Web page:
Utilizing Microfiber Media to Achieve 0.1 mg/L Total Phosphorus Limit

May 12, 2021
At the Brockton, Mass. Advanced Water Reclamation Facility. microfiber media filters outperformed the existing pile cloth media with respect to final total suspended solids, turbidity, particle size distribution and iron concentrations.

With the current national emphasis on restoring the water quality of America’s urban waterways, the City of Brockton, Mass., Advanced Water Reclamation Facility (AWRF) wanted to stay ahead of the regulatory cycle — in particular, phosphorus discharge limits set forth by the National Pollution Discharge Elimination System (NPDES) program of the United States Environmental Protection Agency. For this region of the country, EPA has proposed total phosphorus (TP) discharge limits of 0.1 mg/L.

The Brockton plant’s existing treatment scheme included physical settling (primary treatment), activated sludge treatment (secondary treatment) and final filtration (tertiary treatment) using two AquaDiamond® cloth media filters (CMFs) from Aqua-Aerobic Systems Inc. Even though the filters performed to a level well below the current phosphorus discharge limit of 0.2 mg/L, Plant Superintendent Dave Norton began looking for ways to not only improve the plant’s removal efficiency to meet the anticipated 0.1 mg/L limit, but to achieve it with minimal equipment modification and without raising operating costs with chemical addition.

Following preliminary evaluations of incoming phosphorus levels, the Brockton AWRF staff, working with Aqua-Aerobic Systems, conducted full-scale tests using OptiFiber PES-14® microfiber cloth media installed on one of the AquaDiamond filtration units and compared its performance to the unit using the existing OptiFiber PES-13® pile cloth media. Each unit provides 238 m2 (2,560 ft2) of filtration area and is rated for a nominal average daily flow of 1,900 m3/hour (12 MGD) and a maximum daily flow of 3,800 m3/hour (24 MGD).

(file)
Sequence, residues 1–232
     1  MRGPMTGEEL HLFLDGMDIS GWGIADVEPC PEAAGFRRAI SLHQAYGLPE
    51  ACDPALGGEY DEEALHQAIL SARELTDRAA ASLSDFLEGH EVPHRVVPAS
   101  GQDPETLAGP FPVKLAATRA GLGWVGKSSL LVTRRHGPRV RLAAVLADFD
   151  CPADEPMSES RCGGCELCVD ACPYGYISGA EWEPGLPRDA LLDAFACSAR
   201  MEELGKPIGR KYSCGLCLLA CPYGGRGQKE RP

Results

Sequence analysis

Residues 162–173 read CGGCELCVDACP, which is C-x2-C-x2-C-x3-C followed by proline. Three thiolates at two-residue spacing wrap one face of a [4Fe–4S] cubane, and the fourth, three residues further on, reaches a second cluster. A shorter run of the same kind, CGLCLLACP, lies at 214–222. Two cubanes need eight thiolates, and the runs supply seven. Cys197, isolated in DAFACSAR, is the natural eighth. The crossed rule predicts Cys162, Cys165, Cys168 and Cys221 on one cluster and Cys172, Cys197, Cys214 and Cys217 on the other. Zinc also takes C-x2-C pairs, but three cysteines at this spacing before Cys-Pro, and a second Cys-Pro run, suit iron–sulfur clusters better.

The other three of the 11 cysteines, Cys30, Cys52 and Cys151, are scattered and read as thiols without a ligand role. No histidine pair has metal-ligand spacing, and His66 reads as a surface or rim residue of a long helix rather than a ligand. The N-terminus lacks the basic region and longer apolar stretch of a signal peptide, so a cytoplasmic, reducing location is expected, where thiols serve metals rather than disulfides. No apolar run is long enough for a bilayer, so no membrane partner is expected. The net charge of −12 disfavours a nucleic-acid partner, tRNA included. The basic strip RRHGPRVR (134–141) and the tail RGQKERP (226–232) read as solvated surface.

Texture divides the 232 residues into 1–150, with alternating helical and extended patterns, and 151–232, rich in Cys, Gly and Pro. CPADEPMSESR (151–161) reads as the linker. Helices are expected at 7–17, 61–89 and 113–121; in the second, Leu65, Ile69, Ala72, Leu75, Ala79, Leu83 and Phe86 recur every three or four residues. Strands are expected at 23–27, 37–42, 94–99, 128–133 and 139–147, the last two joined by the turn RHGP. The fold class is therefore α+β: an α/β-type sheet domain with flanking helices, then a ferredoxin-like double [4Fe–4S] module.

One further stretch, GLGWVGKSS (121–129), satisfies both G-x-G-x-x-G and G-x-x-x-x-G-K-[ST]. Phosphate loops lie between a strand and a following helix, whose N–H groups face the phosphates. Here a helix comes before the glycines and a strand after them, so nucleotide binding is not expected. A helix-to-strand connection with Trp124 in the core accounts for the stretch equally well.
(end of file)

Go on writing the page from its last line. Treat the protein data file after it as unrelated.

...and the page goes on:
From December 2012 to April 2013, the two filters received influent from the plant’s secondary clarification system (which was treated with ferric chloride prior to settling). Feed quality and discharge quality were monitored for phosphorus as well as total suspended solids, turbidity, pH, iron and alkalinity. Testing was conducted in three phases:
  • During normal operating conditions of approximately 6 m3/m2/hour (2.4 gal/min/ft2)
  • At the average design hydraulic loading rate (HLR) of 8 m3/m2/hour (3.25 gal/min/ft2)
  • At the peak HLR conditions approaching 16 m3/m2/hour (6.5 gal/min/ft2).

The two filter units operated under identical flow and loading conditions during the full-scale study. The results show that the OptiFiber PES-14 microfiber media consistently reduced phosphorus levels to below the 0.1 mg/L target. Additionally, the microfiber media outperformed the existing pile cloth media with respect to final total suspended solids, turbidity, particle size distribution and iron concentrations and fared extremely well during average design and peak HLR testing.

“We all anticipated a potential 20-25 percent reduction in hydraulic pressure loss across the filters,” said Norton. “I don’t believe we saw that. Also, I do not believe we have seen the increase in backwashing volume which was predicted.”

The Brockton AWRF has demonstrated that it can meet the anticipated future discharge standards for total phosphorus. Furthermore, because of this demonstrated success, the plant, working in conjunction with Aqua-Aerobic and its consulting engineering firm, has installed and commissioned a third and fourth AquaDiamond CMF (with the OptiFiber PES-14® microfiber media). The AquaDiamond control unit from the full-scale test is also being retrofitted with the microfiber media.

“Retrofitting the filter units from the original pile cloth media to the microfiber media had minimal impact on the current equipment and was relatively simple, Norton said.” WW

Learn more about Aqua-Aerobic Systems at www.aqua-aerobic.com.


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